kevin
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  #38 (permalink)  
Old 07-27-2003, 09:11 AM
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There are alot of great ideas here. To me the most important one is the electrical outlets. I have built 2 garages for myself. I ran outlets atleast every 4', including the ceiling, in both of them. I bought the boxes, covers, and outlets when I found them on sale. Besides the safety and power loss, I hate using extension cords. I also run 200 amp service, telephone and cable out there. Since my power is run underground, it is just as easy to run the phone and cable in the same hole. I just add one more tube in the hole.

Just my opinion.
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  #39 (permalink)  
Old 07-28-2003, 06:50 AM
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Thanks for keeping the good ideas coming. I'll check into the idea of raising the foundation blocks for more headroom. I'm planning to go to NSRA Louisville this week - plan to check out some lifts while there.
On my last garage/shop I used 7/16"OSB to panel the walls.. Was a pain to install, but I could drive a srcew anywhere to mount shelves, etc. And I guess it helped insulate the garage. It never got colder or hotter than the average weekly temperature. For Nashville, that means it never froze anything in the 15 years I had it, and that it would stay pretty cool most of the day in the summer.
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  #40 (permalink)  
Old 08-02-2003, 07:11 AM
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Lifts

You have a lot of good advice on the shop. I have a 60 x 40 and it only took 3 years for it to get too small. :^)

I can recommend Eagle lifts from personal experience. I have their SS-7000, 4 post, 7000# lift. It is not anchored to the ground, and with the optional castor kit, you can move the lift with a car on it (get a helper to help guide it). I have moved it with my '70 Chrysler 300 on the lift, I think that is about as big and heavy as most cars. They are not the cheapest company around, but they do offer free delivery. My lift is used for both storage and service.

I used a floor jack and my engine lift and assembled it by myself.


http://www.eagleequip.com/products/l...ice/ss7000.htm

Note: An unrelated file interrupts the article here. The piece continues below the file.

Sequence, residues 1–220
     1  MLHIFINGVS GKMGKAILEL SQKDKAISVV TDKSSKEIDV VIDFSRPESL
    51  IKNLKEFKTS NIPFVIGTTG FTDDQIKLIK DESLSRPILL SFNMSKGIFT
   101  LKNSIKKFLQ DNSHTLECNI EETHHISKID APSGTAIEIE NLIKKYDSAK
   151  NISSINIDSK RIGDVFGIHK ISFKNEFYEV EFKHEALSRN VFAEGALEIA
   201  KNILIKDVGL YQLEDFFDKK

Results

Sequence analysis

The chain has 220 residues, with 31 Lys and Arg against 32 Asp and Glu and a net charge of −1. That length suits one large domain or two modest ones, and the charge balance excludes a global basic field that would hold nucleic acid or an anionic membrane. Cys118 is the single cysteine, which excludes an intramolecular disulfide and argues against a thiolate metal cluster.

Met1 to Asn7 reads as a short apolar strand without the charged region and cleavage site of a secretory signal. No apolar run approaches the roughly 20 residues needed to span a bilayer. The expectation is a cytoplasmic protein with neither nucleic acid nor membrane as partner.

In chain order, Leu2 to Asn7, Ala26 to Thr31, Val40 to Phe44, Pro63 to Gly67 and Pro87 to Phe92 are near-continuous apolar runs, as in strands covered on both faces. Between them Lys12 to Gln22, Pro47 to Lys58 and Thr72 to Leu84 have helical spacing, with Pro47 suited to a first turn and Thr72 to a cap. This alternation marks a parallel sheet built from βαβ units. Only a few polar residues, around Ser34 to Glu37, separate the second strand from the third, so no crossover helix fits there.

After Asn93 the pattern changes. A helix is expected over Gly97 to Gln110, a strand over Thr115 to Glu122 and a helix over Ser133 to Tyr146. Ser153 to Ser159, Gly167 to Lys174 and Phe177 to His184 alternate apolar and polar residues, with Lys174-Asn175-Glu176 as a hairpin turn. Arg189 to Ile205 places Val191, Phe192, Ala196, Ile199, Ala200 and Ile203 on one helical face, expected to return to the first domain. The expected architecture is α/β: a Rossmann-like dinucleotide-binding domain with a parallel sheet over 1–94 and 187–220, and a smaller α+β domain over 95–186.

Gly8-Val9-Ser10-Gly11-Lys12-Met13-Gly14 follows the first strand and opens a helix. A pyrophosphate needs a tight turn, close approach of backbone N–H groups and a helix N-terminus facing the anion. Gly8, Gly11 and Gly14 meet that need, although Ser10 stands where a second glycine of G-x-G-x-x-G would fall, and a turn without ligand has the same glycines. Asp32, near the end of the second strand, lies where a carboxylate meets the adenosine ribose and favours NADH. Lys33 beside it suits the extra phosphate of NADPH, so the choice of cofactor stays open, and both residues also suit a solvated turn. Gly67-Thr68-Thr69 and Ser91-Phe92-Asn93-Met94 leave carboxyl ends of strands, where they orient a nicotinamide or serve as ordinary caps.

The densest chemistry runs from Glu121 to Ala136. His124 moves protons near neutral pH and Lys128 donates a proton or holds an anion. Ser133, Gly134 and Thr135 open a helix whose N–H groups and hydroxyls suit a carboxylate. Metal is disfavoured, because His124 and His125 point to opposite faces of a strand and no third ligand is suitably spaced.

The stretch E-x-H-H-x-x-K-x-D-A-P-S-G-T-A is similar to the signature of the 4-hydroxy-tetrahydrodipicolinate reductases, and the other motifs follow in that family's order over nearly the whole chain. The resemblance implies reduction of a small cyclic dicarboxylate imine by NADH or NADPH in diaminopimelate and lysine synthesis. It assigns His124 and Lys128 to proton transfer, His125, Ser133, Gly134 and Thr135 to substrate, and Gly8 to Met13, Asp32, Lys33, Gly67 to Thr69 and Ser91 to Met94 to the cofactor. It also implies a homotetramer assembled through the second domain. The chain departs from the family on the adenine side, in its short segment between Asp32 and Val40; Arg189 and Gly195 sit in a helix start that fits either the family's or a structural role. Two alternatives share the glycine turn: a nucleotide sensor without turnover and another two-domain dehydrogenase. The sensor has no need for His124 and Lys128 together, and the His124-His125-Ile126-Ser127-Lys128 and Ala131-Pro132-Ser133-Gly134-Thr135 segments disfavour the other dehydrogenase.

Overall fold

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  #41 (permalink)  
Old 09-08-2003, 09:28 AM
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This is my first post (or reply if you prefer) to the boards.
My shop is 48' X 60' with 16' walls. All steel construction from Miracle Truss MFG out of Indianapolis, IN. They are good folks to work with, and reasonable in price.
I built 2 stalls that go to the roof, (4 cars worth), and 3 that have 9' overhead clearance (6 cars worth). The upstairs area is for parts, storage, and social immenities (the livable "doghouse" part). Don't forget to make provisions for stairs! I made the mistake of having a 4/12 roof pitch put on it, this is a waste of space, and makes heating nearly impossible, not to mention the fact that I get to shovel extra snow every winter just to get in & out. A 2/12 pitch is plenty strong with this kind of construction, and have the runoff go to the rear if you can.
I installed a cinder block walled pit vs. a lift, and didn't consider the local watertable, so, heavy rains can produce an indoor pool (OOPS!), there are watersealing paints that wiil cure this problem tho. The pit has a small storage area off to one side for storage of grease guns, drain pans, oil filters, basicly what one needs when servicing a car from below. I plumbed it for air & electricity (use explosion proof stuff there, gasoline vapors seek the lowest levels). The pit is a bit unhandy when dropping a tranny or any 'heavy' work, but it is convenient for most other 'under car' tasks.